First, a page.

Dynamics and stability of gravity-capillary solitary waves
Author(s)Calvo, David C. (David Christopher)
Massachusetts Institute of Technology. Department of Mechanical Engineering.
Triantaphyllos R. Akylas.
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Over the past several years, it has been recognized that a new class of solitary waves can propagate in nonlinear dispersive wave systems if the phase speed of linear waves attains a local extremum at some finite wavenumber. Near such a point, solitary waves in the form of small-amplitude wavepackets can be obtained for which the phase speed of the carrier oscillations matches the group speed of their envelope. Such an extremum is found in the analysis of water waves when the restoring forces of both gravity and surface tension are taken into account, and certain kinds of these gravity-capillary solitary waves have been observed in experiments. While past theoretical studies have focussed mainly on determining steady solitary wave profiles, very little work has been done on examining their stability properties which is the thrust of this thesis. Beginning in the weakly nonlinear regime, an asymptotic analysis of linear stability is presented and comparison is made with numerical computations. Contrary to predictions of the nonlinear Schrbdinger (NLS) equation, some free solitary wave types are found to be unstable owing to exponentially effects terms that lie beyond standard two-scale perturba- tion theory. Moreover, numerical simulations show that unstable gravity-capillary solitary waves may decompose into stable solitary waves that have soliton properties. Stability results are then extended to the fully nonlinear regime to treat both free and forced situa- tions using numerical techniques to solve the full hydrodynamic equations in steady form. A dramatic difference is found between the linear stability of free and forced waves in both weakly and fully nonlinear cases, and results obtained here are compared with laboratory experiments.(cont.) The analysis followed in the free-surface problem is then generalized to examine the dynamics of gravity-capillary interfacial solitary waves in a layered two-fluid system. Here, the linear stability and limiting wave forms of free solitary waves are determined over a range of system parameters using the full hydrodynamic equations. Finally, a related problem of gravity-capillary envelope solitons is considered under the general situation of unequal phase and group speeds. By asymptotic and numerical techniques it is found that envelope solitons are generally nonlocal-tails are radiated owing to a resonance mechanism that is beyond the NLS equation.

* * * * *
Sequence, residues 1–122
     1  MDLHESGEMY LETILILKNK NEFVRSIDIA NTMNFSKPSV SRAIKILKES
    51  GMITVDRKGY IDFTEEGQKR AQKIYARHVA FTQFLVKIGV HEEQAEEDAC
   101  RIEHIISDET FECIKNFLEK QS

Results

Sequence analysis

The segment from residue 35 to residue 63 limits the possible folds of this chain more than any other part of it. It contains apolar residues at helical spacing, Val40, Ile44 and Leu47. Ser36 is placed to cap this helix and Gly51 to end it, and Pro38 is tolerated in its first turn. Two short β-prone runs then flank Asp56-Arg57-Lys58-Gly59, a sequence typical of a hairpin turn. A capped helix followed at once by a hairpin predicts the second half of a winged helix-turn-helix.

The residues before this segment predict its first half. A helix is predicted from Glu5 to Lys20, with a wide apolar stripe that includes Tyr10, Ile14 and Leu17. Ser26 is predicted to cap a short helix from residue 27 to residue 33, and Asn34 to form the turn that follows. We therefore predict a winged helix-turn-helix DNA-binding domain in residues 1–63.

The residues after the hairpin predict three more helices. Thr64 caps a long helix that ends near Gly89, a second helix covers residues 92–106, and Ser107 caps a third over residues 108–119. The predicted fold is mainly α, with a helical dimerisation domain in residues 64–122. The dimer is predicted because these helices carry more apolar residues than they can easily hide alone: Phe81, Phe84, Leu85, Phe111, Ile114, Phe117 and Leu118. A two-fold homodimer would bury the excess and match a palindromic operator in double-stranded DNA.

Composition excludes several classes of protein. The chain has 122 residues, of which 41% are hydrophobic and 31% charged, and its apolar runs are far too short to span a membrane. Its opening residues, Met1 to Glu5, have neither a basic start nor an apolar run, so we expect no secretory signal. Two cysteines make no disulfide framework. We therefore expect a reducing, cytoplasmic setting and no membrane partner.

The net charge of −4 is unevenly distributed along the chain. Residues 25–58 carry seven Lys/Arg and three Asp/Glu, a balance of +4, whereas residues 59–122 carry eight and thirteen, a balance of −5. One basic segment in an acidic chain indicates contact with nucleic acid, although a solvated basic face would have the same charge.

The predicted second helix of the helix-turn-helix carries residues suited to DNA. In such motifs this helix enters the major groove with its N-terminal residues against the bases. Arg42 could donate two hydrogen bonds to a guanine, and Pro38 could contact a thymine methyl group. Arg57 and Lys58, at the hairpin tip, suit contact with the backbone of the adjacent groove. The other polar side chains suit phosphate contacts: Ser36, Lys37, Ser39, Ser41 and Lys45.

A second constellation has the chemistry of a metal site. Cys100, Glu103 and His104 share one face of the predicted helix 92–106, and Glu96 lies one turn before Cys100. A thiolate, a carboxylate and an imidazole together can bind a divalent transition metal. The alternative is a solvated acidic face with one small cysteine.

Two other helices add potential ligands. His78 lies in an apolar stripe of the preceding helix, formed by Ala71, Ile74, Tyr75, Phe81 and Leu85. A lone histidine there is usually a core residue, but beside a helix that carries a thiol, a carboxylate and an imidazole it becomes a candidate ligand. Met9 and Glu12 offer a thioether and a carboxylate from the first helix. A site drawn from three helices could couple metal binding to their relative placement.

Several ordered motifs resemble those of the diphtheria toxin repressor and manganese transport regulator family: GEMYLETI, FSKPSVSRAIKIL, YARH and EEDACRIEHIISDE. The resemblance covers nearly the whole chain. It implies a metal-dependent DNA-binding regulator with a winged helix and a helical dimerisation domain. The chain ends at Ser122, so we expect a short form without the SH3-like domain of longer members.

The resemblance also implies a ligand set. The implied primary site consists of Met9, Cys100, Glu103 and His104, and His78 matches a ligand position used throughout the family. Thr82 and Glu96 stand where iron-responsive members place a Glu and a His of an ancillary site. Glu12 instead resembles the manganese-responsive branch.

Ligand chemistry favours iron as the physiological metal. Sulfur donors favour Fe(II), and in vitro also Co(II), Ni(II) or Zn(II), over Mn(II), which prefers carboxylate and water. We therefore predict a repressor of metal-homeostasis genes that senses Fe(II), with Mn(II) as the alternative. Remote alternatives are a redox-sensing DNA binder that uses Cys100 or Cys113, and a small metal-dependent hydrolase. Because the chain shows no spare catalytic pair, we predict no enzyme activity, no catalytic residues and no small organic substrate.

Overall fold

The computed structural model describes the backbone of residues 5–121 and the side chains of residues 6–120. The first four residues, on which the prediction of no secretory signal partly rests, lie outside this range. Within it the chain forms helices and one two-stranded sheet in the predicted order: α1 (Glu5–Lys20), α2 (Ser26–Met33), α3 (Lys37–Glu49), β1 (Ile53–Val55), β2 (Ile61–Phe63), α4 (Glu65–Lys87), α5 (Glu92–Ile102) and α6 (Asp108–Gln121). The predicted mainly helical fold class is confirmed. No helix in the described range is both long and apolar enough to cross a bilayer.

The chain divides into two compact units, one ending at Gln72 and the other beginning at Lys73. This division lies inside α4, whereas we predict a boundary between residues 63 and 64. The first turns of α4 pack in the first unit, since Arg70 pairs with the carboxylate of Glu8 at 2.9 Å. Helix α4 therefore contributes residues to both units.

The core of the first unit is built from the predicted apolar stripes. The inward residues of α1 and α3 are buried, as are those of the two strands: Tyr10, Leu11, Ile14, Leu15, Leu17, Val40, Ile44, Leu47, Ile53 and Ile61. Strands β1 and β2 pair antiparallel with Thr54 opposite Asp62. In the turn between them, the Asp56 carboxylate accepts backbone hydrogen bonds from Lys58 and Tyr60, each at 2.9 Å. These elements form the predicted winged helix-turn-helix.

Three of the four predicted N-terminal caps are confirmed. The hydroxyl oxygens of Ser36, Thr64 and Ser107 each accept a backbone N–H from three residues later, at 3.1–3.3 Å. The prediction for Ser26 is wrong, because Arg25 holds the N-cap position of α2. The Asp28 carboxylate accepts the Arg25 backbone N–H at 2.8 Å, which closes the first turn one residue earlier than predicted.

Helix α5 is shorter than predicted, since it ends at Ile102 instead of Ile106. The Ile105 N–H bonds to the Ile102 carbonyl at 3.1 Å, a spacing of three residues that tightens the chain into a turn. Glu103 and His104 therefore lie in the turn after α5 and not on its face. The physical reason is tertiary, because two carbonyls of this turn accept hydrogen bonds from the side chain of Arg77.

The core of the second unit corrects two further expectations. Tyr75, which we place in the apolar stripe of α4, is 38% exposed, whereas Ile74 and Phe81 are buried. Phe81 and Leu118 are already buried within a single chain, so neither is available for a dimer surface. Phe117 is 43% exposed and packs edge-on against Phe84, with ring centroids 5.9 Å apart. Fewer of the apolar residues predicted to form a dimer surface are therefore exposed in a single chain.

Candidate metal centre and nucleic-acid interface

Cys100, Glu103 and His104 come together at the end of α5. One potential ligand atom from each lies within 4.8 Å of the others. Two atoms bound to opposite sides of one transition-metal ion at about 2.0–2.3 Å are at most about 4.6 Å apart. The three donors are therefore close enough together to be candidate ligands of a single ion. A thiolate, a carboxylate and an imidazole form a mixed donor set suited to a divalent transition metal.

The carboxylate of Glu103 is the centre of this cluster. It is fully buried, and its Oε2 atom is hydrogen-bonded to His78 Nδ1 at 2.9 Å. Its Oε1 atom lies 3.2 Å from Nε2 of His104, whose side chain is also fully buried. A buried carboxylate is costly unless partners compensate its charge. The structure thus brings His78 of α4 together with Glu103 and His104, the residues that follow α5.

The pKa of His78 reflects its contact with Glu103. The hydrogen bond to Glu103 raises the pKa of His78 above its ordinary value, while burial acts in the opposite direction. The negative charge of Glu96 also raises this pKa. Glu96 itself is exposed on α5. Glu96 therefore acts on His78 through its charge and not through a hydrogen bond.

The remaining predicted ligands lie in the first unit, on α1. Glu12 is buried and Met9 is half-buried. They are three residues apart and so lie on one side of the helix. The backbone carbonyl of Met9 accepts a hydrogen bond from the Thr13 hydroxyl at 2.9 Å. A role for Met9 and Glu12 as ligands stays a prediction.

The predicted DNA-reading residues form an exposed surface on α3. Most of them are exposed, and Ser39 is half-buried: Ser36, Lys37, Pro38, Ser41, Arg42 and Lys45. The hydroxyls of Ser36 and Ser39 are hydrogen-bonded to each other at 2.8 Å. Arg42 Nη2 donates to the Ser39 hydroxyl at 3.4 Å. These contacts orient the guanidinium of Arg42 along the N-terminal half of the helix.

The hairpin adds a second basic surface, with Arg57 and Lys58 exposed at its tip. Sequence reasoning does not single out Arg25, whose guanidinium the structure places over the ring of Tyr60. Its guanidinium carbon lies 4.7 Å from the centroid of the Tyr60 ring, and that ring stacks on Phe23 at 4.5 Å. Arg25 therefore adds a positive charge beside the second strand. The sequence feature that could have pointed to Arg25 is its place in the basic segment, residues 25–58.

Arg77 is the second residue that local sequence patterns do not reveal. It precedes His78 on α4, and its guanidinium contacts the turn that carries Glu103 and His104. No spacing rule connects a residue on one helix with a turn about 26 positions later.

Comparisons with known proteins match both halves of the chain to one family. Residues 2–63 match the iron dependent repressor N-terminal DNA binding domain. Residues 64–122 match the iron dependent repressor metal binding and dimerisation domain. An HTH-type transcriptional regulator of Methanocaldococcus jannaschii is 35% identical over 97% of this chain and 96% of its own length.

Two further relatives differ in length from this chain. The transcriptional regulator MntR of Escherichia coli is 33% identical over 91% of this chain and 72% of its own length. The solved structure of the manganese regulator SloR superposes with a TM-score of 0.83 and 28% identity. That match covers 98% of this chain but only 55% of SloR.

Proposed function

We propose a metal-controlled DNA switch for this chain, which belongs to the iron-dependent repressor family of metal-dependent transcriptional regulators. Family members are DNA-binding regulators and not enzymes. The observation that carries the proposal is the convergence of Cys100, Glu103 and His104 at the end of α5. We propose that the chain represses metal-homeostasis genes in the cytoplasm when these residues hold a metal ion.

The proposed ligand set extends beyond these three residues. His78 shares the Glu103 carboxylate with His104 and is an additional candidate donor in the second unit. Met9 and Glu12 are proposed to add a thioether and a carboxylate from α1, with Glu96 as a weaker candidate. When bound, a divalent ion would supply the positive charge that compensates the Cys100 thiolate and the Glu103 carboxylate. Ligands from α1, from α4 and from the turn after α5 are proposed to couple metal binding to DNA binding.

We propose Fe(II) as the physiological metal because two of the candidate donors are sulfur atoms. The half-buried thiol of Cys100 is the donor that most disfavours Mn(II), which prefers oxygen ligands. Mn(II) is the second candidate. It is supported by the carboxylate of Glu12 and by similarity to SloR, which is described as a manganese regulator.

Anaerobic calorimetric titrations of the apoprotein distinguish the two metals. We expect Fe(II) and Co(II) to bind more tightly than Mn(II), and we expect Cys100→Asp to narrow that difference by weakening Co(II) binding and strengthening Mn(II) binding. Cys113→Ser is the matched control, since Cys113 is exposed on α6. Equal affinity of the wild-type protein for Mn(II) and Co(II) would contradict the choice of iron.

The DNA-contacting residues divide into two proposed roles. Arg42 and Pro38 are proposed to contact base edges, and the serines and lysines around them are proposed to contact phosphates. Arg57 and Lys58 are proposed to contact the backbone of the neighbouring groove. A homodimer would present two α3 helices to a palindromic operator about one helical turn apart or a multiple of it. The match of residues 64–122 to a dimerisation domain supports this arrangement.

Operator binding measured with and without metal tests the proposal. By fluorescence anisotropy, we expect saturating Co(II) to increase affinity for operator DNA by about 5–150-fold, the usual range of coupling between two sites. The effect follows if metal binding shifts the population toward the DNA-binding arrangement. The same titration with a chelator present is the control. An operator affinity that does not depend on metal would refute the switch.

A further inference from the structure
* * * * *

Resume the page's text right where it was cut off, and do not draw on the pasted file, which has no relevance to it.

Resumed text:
Thesis (Ph.D.)--Massachusetts Institute of Technology, Dept. of Mechanical Engineering, 2001.Includes bibliographical references (leaves 137-143).
DepartmentMassachusetts Institute of Technology. Department of Mechanical Engineering.
Massachusetts Institute of Technology